4. Regarding what I said about leaving symbol tracking to
user space, I'd like to add a note about reliability. It is not
necessary for rmmod to reliably remove symbols from these tables.
insmod can check for symbols that map to places that are no longer
allocated to modules and remove stale symbols before attempting to
load a new module.
5. You should not need to do anything special in modfs
to support init sections. That can be done by loading two separate
modules and then removing the one corresponding to an init section.
6. For module_init functions, consider taking a pointer to
an array of init functions and a count. That would be compatible
with the system for built-in kernel object files, so it would
eliminate a difference in linux/include/init.h. You could also do
the same for module_exit functions. This change would also
allow linking .o's together more or less arbitrarily into single
modules, which would allow loading of modules that have reference
loops among them.
7. Instead of module parameters, consider just supporting
__setup() declarations used in kernel objects. These would then
process a string that you'd pass. insmod might want to prepend the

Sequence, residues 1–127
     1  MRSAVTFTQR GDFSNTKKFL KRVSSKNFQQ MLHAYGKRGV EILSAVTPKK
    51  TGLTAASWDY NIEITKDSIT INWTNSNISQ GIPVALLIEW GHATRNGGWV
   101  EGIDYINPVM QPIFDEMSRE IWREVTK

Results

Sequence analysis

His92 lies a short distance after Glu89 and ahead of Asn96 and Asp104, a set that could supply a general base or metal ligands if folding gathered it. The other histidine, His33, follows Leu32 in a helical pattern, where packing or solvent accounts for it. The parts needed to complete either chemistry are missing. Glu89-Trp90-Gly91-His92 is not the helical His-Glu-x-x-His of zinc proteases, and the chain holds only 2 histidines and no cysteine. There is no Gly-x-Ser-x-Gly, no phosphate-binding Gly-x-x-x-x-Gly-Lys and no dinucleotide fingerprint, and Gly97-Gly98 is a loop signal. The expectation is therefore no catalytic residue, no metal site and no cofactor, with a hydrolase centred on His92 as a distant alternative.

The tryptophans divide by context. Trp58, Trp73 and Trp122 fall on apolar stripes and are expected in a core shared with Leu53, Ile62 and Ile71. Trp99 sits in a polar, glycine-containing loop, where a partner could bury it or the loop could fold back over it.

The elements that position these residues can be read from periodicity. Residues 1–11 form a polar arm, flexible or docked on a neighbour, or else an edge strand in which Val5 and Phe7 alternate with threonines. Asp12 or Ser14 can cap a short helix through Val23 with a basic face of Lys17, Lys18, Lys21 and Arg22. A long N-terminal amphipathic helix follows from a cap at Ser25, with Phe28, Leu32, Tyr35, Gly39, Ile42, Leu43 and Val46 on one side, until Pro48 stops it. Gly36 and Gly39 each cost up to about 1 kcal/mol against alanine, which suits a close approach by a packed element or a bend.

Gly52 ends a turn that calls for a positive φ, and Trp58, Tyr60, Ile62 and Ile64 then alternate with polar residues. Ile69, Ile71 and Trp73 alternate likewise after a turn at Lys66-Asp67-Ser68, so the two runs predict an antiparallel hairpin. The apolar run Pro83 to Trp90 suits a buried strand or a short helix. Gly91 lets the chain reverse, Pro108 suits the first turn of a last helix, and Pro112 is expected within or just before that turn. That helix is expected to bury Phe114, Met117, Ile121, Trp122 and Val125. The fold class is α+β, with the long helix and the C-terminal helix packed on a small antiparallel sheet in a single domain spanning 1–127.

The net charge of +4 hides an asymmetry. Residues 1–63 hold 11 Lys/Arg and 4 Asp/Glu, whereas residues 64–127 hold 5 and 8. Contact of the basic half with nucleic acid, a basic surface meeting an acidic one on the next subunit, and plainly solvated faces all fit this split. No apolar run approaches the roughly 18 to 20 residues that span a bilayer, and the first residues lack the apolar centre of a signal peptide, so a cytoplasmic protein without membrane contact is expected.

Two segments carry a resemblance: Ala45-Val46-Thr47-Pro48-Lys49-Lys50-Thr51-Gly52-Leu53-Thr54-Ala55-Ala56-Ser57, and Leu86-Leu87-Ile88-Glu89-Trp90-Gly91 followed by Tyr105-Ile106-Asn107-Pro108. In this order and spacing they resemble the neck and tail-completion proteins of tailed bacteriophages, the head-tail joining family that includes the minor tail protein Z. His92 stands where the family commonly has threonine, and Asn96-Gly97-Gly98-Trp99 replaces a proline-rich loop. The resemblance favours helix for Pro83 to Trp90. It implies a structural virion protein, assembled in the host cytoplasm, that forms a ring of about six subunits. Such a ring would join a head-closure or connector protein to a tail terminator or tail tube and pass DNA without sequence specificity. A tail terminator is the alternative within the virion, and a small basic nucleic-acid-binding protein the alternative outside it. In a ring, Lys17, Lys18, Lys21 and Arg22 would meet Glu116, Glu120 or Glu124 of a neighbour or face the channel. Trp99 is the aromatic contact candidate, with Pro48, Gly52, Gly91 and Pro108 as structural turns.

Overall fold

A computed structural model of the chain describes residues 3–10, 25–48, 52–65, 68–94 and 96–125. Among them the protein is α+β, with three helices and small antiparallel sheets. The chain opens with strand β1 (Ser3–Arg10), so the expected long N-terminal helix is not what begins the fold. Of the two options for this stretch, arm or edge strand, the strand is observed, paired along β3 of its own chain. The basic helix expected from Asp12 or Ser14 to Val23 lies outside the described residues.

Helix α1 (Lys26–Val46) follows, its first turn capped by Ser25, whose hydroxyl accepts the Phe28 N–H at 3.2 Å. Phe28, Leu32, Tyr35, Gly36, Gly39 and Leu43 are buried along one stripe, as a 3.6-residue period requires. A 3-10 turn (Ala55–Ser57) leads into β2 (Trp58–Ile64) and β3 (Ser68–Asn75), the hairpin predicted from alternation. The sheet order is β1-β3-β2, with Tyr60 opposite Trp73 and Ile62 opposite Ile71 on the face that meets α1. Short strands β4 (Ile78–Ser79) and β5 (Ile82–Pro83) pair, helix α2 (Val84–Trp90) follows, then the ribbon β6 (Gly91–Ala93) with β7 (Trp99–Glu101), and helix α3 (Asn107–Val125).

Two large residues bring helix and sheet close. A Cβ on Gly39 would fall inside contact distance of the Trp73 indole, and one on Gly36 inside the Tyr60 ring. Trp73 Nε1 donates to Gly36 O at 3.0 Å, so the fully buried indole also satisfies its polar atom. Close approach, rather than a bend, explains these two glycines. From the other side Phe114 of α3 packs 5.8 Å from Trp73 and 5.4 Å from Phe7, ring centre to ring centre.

contents of /proc/cmdline to that string so that people could pass
command lines at the boot prompt even if the driver they wanted to
talk to were a module. This change would eliminate another difference
between module and core kernel objects. Ultimately, I would like
eliminate any compilation difference between kernel and module
objects. This would allow deferring the decision about what should be
in modules and what should be in the kernel until link time. Not only
would this slightly simplify the build process and modules' source
code, but it would also allow binary distributions for a wider
variety of uses.
Adam J. Richter __ ______________ 575 Oroville Road
firstname.lastname@example.org \ / Milpitas, California 95035
+1 408 309-6081 | g g d r a s i l United States of America
"Free Software For The Rest Of Us."
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